Our doctor’s medical limitations will directly affect his emotional state. He won’t be using modern and powerful medicines to cure his patients but doing what he can and then leaving the rest in the hands of God. In our story, in the 1860s, the doctor will reflect deeply and often on the famine days because they influence his present political attitudes which are important to the plot. He will often be thinking of the crowded and overworked medical facilities in which he treated the mass of suffering humanity and the political and economic conditions which made this happen. Perhaps at that time he got sick and nearly died himself. It has certainly left him with deep and permanently emotional scars and maybe even physical ones. So it is very important that our research is thorough and that we give this part of his character a full intellectual and emotional range. To help our researches further, we can read modern personalised accounts of doctors working with mass suffering but mostly only for the emotional output the accounts may offer us. Intellectually, modern doctors are in another world.

Of course, there are other aspects to the doctor’s character; for instance, the political one around which the plot revolves. These other aspects will be researched using the same techniques as explained above. First an overview and then go to a deeper level to find the intellectual and emotional range of individual historical actors. Again, personal accounts can help greatly here. We do the same thing with other characters in the story.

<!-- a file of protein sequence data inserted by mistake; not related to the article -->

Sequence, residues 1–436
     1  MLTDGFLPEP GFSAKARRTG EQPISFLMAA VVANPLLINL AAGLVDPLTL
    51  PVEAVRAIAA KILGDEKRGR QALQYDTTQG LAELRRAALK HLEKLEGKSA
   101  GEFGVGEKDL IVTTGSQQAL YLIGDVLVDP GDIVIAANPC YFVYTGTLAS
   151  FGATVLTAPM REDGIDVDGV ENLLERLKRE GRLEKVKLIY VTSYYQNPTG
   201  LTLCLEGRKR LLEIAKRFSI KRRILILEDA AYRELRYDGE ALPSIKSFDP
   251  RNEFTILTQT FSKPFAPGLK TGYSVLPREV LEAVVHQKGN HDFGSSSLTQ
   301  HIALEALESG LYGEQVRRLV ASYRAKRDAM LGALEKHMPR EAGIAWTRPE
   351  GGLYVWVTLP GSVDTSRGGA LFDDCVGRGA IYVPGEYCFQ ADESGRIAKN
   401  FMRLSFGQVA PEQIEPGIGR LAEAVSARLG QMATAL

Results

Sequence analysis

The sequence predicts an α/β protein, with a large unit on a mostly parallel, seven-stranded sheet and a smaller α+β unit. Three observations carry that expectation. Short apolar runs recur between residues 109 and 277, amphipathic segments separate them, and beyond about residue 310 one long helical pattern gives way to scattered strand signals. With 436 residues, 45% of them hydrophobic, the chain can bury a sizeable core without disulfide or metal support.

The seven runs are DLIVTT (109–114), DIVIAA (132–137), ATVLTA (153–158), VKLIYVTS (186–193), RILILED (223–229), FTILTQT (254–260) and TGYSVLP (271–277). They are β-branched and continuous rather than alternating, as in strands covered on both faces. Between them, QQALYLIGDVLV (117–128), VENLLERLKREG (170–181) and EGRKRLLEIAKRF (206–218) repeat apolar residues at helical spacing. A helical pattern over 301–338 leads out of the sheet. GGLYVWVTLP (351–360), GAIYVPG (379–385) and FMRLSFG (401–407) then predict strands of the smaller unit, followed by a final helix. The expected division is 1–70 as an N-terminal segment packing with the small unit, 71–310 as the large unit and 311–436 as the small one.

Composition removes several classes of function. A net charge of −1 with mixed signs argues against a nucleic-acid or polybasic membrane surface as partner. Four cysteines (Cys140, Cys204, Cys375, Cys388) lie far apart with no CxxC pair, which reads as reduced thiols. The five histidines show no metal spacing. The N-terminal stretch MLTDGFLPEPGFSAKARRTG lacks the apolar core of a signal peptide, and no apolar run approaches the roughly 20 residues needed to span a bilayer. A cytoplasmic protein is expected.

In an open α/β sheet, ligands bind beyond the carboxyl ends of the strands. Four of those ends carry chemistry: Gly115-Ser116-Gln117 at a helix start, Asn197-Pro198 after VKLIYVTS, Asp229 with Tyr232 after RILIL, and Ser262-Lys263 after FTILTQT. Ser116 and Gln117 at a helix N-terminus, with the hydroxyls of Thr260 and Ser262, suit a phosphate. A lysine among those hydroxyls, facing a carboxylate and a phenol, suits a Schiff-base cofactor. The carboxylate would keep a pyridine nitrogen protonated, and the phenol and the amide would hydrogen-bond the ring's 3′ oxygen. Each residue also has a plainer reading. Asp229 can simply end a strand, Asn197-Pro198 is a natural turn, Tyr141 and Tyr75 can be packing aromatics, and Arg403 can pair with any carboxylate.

Our research provides us with a sense of ‘knowing’ how our characters will respond to any given situation because we have gauged their intellectual and emotional range broadly and deeply. The research needed for ‘knowing’ any character from any setting outside of our own experiences must be thorough.

The smaller details

Imaginatively this is the easiest part but will still be hard work.

During the first and second drafts, you will see how much work you have to do regarding the smaller details, many of these details you won’t have even thought about up to now. These smaller details, though not as important overall as getting the bigger details right, are nonetheless very relevant to the story for building effective and believable scenes. With each draft you will enrich the story that little bit more with this sort of historical description. You will have to leave notes in your manuscript where you need to include, for example, details about the inside of a tenant’s cottage, or a church, or the description of a workhouse (a major detail would be getting right the date of the workhouse’s arrival in Ireland). Most writers add more descriptive detail from one draft to the next, anyway, so this is nothing new.

Overusing research

A lot of research is descriptive or informative and very seductive to the researcher. He may have done massive amounts of research for his story and become quite the expert in the field. He may have become emotionally connected to it; he thinks it has expanded his horizons; he may even believe he is now on a bit of a crusade with it; and let’s not forget it has empowered him to improve his story to no end. As a consequence, he may well think that he is making his work look more sophisticated by piling a lot of it on, and that he is also doing his reader a favour by sharing so much of it with him.